Skip to main content

Opening Remarks at the Fintech Forum

Chair Mary Jo White

Nov. 14, 2016

I want to welcome all of you to the SEC’s first Fintech Forum — both those of you in the auditorium in Washington and those watching online.

The rapid development of new platforms and technologies for financial services, which has been accompanied by tremendous growth in private investment and growing attention from regulators, makes this an ideal time to bring the relevant stakeholders together to discuss both the role of fintech in our securities markets today, and where it is headed. With global investment in fintech companies estimated to be over $19 billion last year,[1] it is safe to say that fintech is well on its way to playing an important role in the future of the securities industry.

And regulators have an obligation to understand, monitor, and — where appropriate — encourage such developments, while simultaneously being prepared to implement safeguards where necessary to protect investors and our markets.

Today’s forum is an excellent venue for considering all of these issues. Of course, an event of this magnitude with panelists of this caliber is not easy to produce. So, I want to begin by thanking our staff for their tremendous efforts in putting the Forum together, including Michael Batlogg, Sara Young, Bruce Claybrook, Amy Starr, Elizabeth Blase, Tina Barry, Dietrich King, the teams from the Office of Public Affairs and from Publishing and Printing, and our talented moderators. I also want to thank Commissioner Piwowar for suggesting that we hold the forum at this time. And I want to especially thank our distinguished panelists for coming here to share their important insights.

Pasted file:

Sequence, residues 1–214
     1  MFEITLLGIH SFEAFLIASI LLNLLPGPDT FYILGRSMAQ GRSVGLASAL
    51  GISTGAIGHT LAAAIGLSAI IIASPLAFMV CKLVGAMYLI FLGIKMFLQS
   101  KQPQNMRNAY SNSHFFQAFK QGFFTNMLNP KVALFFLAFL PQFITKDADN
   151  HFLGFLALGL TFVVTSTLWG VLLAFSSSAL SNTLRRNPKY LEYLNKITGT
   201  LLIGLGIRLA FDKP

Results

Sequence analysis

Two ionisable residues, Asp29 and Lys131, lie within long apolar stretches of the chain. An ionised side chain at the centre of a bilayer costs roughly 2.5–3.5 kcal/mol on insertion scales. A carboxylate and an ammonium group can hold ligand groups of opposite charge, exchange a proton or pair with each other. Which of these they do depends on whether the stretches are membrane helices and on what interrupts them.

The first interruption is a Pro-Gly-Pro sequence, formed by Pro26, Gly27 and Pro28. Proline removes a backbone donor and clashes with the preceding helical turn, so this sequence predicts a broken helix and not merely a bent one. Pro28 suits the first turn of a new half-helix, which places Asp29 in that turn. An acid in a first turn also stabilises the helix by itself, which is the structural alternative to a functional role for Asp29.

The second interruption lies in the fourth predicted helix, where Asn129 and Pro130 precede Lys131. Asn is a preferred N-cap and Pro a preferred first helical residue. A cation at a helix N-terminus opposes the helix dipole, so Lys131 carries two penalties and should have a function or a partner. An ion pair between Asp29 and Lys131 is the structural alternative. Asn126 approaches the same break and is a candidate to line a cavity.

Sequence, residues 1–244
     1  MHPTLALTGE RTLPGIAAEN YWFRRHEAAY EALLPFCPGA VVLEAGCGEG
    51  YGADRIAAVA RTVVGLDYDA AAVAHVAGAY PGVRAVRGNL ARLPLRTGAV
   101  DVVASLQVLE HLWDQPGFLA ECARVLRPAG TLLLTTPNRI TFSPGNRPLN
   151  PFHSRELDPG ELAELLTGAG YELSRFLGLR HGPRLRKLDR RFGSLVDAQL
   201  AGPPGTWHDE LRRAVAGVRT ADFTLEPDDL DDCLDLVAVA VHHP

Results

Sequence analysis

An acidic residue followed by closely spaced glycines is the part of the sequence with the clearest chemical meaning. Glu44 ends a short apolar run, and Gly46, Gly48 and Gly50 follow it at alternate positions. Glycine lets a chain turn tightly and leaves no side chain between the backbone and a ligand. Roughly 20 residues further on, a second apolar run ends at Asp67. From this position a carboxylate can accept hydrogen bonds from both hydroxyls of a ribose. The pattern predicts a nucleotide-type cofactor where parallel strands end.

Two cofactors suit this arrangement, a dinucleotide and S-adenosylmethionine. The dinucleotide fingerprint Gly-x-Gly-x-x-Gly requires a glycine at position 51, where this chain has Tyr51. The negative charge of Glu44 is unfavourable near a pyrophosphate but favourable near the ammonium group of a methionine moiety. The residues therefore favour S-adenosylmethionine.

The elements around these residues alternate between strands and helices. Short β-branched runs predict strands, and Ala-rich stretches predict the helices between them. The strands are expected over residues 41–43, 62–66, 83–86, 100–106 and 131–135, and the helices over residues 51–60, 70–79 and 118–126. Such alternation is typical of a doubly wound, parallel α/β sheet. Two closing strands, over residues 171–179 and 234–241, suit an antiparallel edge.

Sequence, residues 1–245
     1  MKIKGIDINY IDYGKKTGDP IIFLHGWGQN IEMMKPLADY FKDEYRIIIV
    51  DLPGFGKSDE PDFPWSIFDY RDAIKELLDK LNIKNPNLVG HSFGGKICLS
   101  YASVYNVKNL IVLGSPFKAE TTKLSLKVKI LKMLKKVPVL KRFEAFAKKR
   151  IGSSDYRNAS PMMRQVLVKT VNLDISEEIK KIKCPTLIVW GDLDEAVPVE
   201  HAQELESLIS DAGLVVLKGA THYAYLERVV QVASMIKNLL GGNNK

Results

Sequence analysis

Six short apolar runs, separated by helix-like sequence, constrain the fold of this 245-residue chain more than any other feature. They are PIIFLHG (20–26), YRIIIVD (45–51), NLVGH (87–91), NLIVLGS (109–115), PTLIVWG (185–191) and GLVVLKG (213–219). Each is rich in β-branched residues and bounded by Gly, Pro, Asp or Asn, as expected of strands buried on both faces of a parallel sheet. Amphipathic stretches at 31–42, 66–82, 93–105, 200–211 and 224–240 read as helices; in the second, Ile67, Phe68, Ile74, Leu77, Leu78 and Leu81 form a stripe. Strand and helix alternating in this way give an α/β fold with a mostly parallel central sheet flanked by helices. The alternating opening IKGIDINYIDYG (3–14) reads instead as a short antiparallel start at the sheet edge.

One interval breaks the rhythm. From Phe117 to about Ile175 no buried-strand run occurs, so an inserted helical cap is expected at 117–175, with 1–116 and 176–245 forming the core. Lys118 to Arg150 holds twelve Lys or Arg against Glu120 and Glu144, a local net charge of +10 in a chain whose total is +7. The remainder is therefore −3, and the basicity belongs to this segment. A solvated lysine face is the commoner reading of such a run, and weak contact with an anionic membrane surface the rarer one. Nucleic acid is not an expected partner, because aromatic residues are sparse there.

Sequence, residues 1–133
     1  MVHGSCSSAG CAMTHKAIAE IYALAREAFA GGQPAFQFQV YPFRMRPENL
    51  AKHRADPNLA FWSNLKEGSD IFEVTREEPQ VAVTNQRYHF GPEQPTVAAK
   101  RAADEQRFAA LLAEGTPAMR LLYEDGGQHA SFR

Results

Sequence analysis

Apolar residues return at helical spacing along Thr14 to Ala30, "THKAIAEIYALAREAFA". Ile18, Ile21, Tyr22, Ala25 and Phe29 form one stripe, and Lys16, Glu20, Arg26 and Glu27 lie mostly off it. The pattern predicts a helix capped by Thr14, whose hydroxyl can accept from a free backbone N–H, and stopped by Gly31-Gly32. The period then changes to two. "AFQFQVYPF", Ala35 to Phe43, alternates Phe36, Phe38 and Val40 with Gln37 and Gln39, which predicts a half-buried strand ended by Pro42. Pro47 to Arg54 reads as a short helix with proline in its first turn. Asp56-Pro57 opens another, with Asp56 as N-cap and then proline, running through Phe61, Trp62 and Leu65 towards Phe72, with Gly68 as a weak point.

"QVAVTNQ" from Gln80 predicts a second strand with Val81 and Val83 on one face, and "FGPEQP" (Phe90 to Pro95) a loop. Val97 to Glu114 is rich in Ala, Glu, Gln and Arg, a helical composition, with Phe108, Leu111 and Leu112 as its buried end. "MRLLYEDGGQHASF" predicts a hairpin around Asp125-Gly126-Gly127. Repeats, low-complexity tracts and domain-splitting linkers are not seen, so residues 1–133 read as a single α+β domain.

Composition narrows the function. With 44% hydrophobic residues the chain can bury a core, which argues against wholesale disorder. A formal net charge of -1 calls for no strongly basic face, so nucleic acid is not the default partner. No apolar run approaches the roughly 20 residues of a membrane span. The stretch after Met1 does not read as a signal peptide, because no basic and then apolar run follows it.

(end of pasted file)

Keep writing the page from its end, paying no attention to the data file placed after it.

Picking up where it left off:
There is relatively widespread agreement that fintech innovations have the potential to transform key parts of the securities industry — and to do so in ways that could significantly benefit investors and our capital markets. Today’s forum focuses on several of these developments that are particularly important to the SEC.

  • Automated investing advice has the potential to give retail investors broader, and more affordable, access to our markets.
  • Distributed ledger technology could greatly simplify the trading, settlement and clearing processes, making transactions faster, more efficient, and less expensive.
  • Online marketplace lenders and crowdfunding portals are providing individuals and small businesses with new paths to access capital.

It is important to foster an environment where potentially transformative innovations that make for safer, better markets can flourish. But, as the saying goes, with power comes responsibility. We must ensure new developments are not rushed to market or implemented in a way that facilitates a risk of fraud or harm to investors. Entrepreneurs should recognize that they are not only innovators, but also market participants with important duties and obligations. Although some may view regulatory compliance as a burden, the U.S. securities markets are the safest and most reliable in the world largely because of — not in spite of — our robust investor protections.

We, as regulators, also have an important responsibility — to evaluate how our existing rules address both the challenges and opportunities presented by these new technologies. At the Commission, we have been thinking carefully about the specific challenges presented by each of the areas being discussed today.

The last few years have seen rapid growth in the availability and popularity of automated investment advisory programs. Consistent with our mission, we have been considering how these so-called robo-advisers, as registered investment advisers, meet their fiduciary and other obligations under the Advisers Act. In particular, we are looking at how advisers that provide investment advice with limited, if any, human interaction: (1) provide appropriate disclosures so that their clients understand their services; and (2) obtain information to support their duty to provide suitable advice. We also are considering how automated-advisers are designing their compliance programs to address the particular challenges relevant to providing automated advice and how these firms safeguard client data and address business continuity in the event of a disruption.